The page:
Drones are certainly a very fascinating technology and its applications are seen today in various fields be it adventure sports, surveillance or food delivery. The ever evolving technology has today made it possible to operate a large mass of hundreds of drones up in the air without having to worry about collisions and even fly them in perfect coordination and collaborate in any of the operations that they are involved in. Lets dive deeper into what this swarm technology is and how it is useful in today’s world.
The Swarm tech: Drones or bees?
Multiple UAVs (unmanned aerial vehicles) can coordinate their actions and work together using drone swarm technology to do a range of activities that either cannot or would be too inefficiently completed by a single drone. Each drone may carry out a similar task or have a variety of specialised functions, like data collection, carrying weapons, or relaying messages. Advanced skills are needed for drone swarming, including the ability to keep distance from one another to prevent collisions and the capacity for each tactical drone to anticipate where its neighbours will be at any given moment. Real-time sensing, together with artificial intelligence and computer vision techniques, may help to enable these capabilities.
RF (radio frequency), cellular, or satellite communications may be used for UAV swarm communications (SATCOM). When operating BVLOS (beyond visual line of sight) and over huge areas where current connectivity is uncertain, the swarm may use ad-hoc networking technology. A decentralised ad-hoc network topology is ideal because individual drones may constantly join to and disconnect from the network. A single GCS (ground control station) may frequently control a swarm of UAVs, reducing equipment requirements and deployment. A single operator won’t have to handle several drones in real time by themselves because the drones will primarily operate on their own.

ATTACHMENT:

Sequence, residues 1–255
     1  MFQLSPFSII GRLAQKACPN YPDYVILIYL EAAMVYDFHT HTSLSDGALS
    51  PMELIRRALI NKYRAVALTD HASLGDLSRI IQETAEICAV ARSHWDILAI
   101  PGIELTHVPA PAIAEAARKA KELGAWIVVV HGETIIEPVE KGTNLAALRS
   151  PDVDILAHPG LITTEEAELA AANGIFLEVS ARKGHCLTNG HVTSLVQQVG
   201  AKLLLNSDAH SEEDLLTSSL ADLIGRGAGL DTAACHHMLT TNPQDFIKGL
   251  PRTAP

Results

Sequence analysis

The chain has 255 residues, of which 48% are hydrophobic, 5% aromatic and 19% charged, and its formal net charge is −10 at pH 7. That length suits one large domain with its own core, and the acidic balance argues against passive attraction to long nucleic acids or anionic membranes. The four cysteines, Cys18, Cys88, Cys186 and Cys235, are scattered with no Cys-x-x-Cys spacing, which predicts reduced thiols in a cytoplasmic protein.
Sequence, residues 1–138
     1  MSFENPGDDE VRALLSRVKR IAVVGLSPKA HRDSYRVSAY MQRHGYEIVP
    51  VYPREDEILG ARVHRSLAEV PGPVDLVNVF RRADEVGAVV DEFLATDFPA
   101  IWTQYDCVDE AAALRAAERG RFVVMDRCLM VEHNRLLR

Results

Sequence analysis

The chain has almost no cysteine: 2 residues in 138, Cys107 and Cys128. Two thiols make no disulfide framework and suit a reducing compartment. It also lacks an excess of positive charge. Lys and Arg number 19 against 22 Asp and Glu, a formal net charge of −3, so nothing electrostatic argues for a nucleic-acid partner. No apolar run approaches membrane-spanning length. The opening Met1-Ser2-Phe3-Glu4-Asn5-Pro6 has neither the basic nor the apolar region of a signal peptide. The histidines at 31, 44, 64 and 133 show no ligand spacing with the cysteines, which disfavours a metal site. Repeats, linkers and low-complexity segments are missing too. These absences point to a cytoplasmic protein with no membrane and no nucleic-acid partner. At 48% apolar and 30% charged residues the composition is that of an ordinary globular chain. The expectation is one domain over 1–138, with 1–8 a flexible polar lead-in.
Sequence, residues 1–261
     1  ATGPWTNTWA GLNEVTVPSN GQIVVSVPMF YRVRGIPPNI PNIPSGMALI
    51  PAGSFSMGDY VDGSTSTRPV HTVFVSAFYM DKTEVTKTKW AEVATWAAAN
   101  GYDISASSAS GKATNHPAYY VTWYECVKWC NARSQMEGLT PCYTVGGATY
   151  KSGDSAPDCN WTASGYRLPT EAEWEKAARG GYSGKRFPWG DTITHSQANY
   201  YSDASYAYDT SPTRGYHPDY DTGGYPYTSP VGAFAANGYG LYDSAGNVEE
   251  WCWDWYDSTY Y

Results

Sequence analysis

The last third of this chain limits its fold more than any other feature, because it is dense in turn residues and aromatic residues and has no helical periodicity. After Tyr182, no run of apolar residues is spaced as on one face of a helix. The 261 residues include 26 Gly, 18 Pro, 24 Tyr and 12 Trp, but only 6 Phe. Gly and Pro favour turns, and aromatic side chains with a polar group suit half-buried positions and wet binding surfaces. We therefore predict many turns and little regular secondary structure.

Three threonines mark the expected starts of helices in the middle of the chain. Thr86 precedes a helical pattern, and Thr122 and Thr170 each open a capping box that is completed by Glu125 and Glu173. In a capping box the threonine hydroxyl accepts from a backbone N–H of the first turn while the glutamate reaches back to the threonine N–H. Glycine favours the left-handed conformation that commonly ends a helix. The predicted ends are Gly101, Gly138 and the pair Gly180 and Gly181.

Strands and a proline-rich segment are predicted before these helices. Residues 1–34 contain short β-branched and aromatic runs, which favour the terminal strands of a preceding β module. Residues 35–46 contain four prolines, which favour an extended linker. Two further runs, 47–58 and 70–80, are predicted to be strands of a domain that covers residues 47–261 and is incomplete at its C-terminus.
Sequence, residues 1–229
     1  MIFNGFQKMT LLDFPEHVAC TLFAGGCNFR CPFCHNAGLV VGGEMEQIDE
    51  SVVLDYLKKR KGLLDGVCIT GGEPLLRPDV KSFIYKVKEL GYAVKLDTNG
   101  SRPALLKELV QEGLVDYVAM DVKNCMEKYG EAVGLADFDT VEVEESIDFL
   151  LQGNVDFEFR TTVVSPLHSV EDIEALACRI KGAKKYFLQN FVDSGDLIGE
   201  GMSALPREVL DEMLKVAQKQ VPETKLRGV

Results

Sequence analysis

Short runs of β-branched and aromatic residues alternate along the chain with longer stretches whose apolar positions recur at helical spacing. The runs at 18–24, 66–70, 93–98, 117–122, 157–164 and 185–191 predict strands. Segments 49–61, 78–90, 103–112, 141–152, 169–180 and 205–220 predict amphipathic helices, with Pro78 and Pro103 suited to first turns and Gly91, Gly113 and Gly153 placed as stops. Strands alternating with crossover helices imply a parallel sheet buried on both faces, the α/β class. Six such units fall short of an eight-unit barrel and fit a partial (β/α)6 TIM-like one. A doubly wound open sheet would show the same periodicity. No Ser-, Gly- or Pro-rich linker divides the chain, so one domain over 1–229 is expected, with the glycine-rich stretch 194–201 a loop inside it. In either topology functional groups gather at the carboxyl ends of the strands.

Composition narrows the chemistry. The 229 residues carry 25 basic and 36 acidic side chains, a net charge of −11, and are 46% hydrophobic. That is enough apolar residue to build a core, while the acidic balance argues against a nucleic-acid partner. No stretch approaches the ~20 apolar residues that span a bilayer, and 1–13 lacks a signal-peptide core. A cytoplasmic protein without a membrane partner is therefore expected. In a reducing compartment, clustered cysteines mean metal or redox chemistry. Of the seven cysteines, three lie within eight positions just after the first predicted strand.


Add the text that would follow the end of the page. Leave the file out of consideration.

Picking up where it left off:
What can the swarm technology do in defence?
In the past, UAVs have been used for military surveillance operations. Drones are a versatile and affordable tool that have been used in many industries, including geophysics and agriculture, for airborne surveys, monitoring, and surveillance. A building or environment under surveillance, for instance, could need updates for any movement seen after business hours. For complete manual monitoring, a large facility or environment would require a lot of workers. In contrast, a swarm of drones may cover or monitor the area considerably more effectively with little manual labour by instantly alerting the base station upon movement detection. Some of the most common advantages that swarm drones can bring for defence are as follows:
- Greater survivability because drones are hard to find, they have a far higher probability of surviving than human aircraft. Similar to this, because the Swarm is a network of many drones, even if some of them are shot down or discovered, other UAVs in the network take up the role of the ones that were killed.
- Limited effect of Terrain, Camouflage and Dispersion as drones can fly at a closer range than other unmanned aerial technology and can cover larger areas or do multiple scans in swarms for greater accuracy.